February 4, 2014

2014 Third-Party Reimbursement for Diabetes Supplies

I do not understand the American Diabetes Association (ADA). This article on the Diabetes Care section, covers many of the points that should have been covered, but I am in doubt about the enthusiasm and sincerity even being part of the 2014 Guidelines.

The point of self-management education (inpatient and/or outpatient) is delivered by an interdisciplinary team and this will help people with diabetes adjust their daily regimen to improve glycemic management. Diabetes self-management education teaches individuals with diabetes to assess the interplay among medical nutrition therapy, physical activity, emotional/physical stress, and medications.

Today, self-management education is understood to be such a critical part of diabetes care that medical treatment of diabetes without systematic self-management education is regarded as inadequate. The weakness of today is doctors that will not support education, support needed testing supplies, and the lack of certified diabetes educators to assist in education.

The following is quoted, “Numerous studies have demonstrated that self-management education leads to reductions in the costs associated with all types of diabetes. Participants in self-management education programs have been found to have decreased lower-extremity amputation rates, reduced medication costs, and fewer emergency room visits and hospitalizations.”

To achieve optimal glycemic control, thus achieving long-term reduction in health care costs, individuals with diabetes must have access to the integral components of diabetes care, such as health care visits, diabetes supplies, self-management education, and diabetes medications. As such, insurers must reimburse for diabetes-related medical treatment as well as for self-management education programs that have met accepted standards, such as the American Diabetes Association's National Standards for Diabetes Self-Management Education and Support. Furthermore, third-party payers must also reimburse for medications and supplies related to the daily care of diabetes. These same standards should also apply to organizations that purchase health care benefits for their members or employees, as well as managed care organizations that provide services to participants.”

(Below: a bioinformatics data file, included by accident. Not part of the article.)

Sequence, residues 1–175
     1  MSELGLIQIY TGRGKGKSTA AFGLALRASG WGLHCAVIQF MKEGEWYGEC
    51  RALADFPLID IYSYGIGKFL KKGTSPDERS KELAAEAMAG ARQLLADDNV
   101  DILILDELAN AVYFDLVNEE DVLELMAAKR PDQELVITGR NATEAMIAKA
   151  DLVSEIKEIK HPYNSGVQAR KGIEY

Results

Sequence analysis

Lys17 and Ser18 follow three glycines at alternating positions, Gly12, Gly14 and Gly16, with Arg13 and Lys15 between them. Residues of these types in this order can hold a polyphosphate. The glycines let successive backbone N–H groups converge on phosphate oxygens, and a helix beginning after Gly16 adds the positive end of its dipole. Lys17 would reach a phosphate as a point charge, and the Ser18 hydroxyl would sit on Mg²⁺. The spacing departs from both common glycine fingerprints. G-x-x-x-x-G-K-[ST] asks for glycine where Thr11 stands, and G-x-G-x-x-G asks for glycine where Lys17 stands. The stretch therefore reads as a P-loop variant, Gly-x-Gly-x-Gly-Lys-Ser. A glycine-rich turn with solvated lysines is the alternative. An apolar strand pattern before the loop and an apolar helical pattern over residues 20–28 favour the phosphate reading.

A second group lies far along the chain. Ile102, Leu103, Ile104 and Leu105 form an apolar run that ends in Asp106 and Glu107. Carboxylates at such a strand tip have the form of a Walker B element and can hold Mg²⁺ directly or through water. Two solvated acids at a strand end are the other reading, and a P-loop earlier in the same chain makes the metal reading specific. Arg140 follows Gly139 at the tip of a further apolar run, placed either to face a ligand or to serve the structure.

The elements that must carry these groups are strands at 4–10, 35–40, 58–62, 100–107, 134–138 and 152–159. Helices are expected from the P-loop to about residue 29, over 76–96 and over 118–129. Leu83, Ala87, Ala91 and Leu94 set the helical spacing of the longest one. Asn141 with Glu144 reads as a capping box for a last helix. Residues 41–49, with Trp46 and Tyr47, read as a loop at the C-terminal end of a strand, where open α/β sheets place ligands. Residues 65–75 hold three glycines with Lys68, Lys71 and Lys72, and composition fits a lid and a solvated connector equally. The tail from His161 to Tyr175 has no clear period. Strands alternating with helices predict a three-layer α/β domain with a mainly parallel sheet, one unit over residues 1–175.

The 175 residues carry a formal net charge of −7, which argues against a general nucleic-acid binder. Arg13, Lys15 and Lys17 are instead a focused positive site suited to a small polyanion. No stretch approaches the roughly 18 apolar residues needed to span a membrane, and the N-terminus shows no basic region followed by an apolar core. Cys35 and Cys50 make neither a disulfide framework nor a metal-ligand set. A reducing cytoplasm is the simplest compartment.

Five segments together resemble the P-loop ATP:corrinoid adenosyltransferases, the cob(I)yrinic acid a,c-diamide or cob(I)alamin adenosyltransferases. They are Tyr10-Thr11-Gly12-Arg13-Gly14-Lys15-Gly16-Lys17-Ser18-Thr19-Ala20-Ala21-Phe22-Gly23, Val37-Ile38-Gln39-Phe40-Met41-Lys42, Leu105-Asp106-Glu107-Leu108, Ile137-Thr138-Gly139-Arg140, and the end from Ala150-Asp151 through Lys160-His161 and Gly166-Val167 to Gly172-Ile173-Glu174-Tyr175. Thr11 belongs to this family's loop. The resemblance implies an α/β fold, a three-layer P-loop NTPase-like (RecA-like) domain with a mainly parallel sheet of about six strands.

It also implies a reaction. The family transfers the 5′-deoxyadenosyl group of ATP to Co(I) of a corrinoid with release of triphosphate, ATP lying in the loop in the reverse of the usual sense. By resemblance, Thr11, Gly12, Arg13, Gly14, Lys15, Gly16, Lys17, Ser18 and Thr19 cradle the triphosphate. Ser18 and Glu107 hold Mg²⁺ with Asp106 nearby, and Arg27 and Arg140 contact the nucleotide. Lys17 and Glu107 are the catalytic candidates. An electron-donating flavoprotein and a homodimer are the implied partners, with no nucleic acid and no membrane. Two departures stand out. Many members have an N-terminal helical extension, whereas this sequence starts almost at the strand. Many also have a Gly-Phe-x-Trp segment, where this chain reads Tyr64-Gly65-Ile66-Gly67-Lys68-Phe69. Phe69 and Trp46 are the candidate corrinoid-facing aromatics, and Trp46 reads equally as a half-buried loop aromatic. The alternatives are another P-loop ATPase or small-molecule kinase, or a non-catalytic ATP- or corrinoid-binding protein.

It is recognized that the use of formularies, prior authorization, competitive bidding, and related provisions can manage provider practices and costs to the potential benefit of payors and patients. Social Security Act Title XIX, section 1927, states that excluded medications should not have “a significant clinically meaningful therapeutic advantage in terms of safety, effectiveness or clinical outcomes of such treatment of such population.” A variety of laws, regulations, and executive orders also provide guidance on the use of such controls to oversee the purchase and use of durable medical equipment and single-use medical supplies associated with the management of diabetes.”

The last paragraph has me wondering if they are telling payors (insurance providers) to do what they want when it comes to diabetes. I know many of the current people on Medicare are attempting to opt out of the mail order supply sources and returning to local pharmacies for their diabetes supplies. This has meant an increase in costs the patient is required to shoulder, but some patients are unwilling to accept the second rate and unreliable testing supplies they were required to use under the mail order business.

The following is quoted because Medicare is totally ignoring this and could care less about what the Medicare patient is doing to manage their diabetes. “Though it can seem appropriate for controls to restrict certain items in chronic disease management, particularly with a complex disorder such as diabetes, it should be recognized that adherence is a major barrier to achieving targets. Any controls should take into account the huge mental and physical burden that intensive disease management exerts upon patients with diabetes. Protections should ensure that patients with diabetes can readily comply with therapy in the widely variable circumstances encountered in daily life. These protections should guarantee access to an acceptable range and all classes of antidiabetic medications, equipment, and supplies. Furthermore, fair and reasonable appeals processes should ensure that diabetic patients and their medical care practitioners can obtain medications, equipment, and supplies that are not contained within existent controls.”

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